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By Roger Highfield on

Cosmonaut Alexei Leonov’s race to be the first man on the Moon

What if the Soviet hammer and sickle had been the first flag on the Moon, rather than the Stars and Stripes? Roger Highfield, Science Director, talks to cosmonaut Alexei Leonov, who trained to be the first to walk on the Moon.

Sixty years ago, it seemed inevitable that the USSR would be the first to land a human on the Moon.

Earlier, on 4 October 1957, the USSR had successfully launched the Sputnik satellite into Earth’s orbit and the “beep beep beep” of Sputnik’s telemetry shook the world. 

Replica Sputnik 1, the first artificial Earth satellite, on display in Exploring Space
Replica Sputnik 1, the first artificial Earth satellite, on display in Exploring Space

More firsts quickly followed for the USSR, with Yuri Gagarin becoming the first human in space on 12 April 1961, Valentina Tereshkova became the first woman in space in 1963, the Voskhod 1 carried the first multiple-person crew into space in 1964 and the first spacewalk was carried out by Alexei Leonov in 1965.

Soviet Cosmonaut Valentina Tereshkova before her mission c. Roscosmos
Valentina Tereshkova before her mission c. Roscosmos

Because the USSR lunar lander could only be entered by someone who had undertaken a spacewalk, Leonov became an ideal candidate for this mission. At this time, the Sea of Tranquility, where Apollo 11 touched down in July 1969, had even been selected as a potential USSR landing site.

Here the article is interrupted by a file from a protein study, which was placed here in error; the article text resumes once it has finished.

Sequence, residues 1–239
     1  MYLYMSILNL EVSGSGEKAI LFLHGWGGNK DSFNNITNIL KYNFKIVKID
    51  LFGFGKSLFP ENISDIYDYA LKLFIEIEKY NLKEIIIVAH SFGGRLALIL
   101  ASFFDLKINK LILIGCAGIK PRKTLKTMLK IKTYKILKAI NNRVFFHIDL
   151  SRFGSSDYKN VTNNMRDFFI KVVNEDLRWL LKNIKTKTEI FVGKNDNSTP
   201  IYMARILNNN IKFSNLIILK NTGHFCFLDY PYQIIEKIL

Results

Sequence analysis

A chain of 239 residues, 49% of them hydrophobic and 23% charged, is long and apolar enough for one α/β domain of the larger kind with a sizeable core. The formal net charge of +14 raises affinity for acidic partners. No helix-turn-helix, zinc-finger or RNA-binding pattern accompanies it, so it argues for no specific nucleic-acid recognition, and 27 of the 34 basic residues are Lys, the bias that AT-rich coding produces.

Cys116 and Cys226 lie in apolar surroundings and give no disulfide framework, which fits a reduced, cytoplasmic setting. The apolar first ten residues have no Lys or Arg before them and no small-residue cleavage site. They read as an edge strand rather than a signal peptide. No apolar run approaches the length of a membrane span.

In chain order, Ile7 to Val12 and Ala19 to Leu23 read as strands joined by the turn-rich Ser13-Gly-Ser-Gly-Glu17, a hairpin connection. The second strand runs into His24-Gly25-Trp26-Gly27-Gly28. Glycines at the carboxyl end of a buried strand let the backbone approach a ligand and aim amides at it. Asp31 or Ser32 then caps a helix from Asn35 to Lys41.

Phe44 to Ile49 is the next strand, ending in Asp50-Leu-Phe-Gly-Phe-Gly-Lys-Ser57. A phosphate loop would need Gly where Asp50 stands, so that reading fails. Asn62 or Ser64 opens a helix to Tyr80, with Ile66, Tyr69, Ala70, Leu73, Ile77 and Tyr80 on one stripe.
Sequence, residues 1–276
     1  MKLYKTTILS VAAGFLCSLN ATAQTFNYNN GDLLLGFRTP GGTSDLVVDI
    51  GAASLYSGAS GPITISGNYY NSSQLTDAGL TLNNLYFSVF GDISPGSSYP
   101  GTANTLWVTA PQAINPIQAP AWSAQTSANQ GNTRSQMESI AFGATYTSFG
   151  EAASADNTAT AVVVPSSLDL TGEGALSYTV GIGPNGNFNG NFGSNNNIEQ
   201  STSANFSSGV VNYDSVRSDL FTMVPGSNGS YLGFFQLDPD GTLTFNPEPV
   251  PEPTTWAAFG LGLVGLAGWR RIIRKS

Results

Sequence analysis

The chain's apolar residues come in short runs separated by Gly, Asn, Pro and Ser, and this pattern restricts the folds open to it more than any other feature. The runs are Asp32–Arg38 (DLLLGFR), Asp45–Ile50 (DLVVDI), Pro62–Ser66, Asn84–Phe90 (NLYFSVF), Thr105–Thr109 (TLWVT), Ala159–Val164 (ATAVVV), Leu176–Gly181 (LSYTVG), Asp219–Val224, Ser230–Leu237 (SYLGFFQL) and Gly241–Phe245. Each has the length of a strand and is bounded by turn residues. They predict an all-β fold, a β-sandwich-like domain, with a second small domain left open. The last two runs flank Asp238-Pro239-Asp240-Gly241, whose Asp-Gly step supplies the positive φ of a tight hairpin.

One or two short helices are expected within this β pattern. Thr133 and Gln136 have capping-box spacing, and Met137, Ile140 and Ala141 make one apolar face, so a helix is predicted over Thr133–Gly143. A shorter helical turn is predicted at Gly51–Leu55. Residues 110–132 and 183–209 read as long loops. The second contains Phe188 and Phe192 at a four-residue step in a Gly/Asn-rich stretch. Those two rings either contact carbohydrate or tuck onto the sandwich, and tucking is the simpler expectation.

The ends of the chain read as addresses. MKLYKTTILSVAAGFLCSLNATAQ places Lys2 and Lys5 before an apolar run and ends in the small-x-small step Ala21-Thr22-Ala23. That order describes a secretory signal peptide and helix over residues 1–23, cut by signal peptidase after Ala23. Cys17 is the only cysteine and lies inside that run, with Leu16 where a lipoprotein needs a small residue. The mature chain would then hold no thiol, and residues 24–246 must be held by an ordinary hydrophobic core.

Despite the USSR’s isolation from the West, Leonov was well aware of President John F Kennedy’s 1961 speech which launched America’s Apollo Moon programme.

Russian fascination with space long predates that of America. In the later years of the 19th century, cosmism, emerged in Russia led by Nikolai Fedorov (1829-1903), blending ideas from Western and Eastern philosophy along with those of the Russian Orthodox church to ponder the origin, evolution, and future of the cosmos.

While newborn NASA first pondered a lunar programme in November 1959, the year before Sergei Korolev (1907-1966, the master architect of the USSR’s space successes), had already outlined a Moon mission and colony in his ‘Most Promising Works on the Development of Outer Space.’

The USSR led the way in lunar exploration with the first probe to impact the Moon (Luna 2, September 1959), the first flyby and image of the far side of the Moon (Luna 3, October 1959) , the first soft landing (Luna 9, February 1966), the first lunar orbiter (Luna 10, March 1966) and the first spacecraft to circle the Moon and return to Earth carrying tortoises, flies, mealworms, plants, seeds and bacteria (Zond 5, September 1968).

The first image returned by Luna 3 showing the far side of the Moon.

It’s important to note that, in 1964, the Soviet government gave the authorisation—undeclared to the world—to proceed with a Moon mission.

Science Museum space curator Doug Millard comments: ‘Kennedy set the US on a course for the Moon in 1961. The Soviet Union waited until 1964 – three years too late?’

Soon after, Leonov began to train for this mission along with Oleg Grigoryevich Makarov (1933-2003).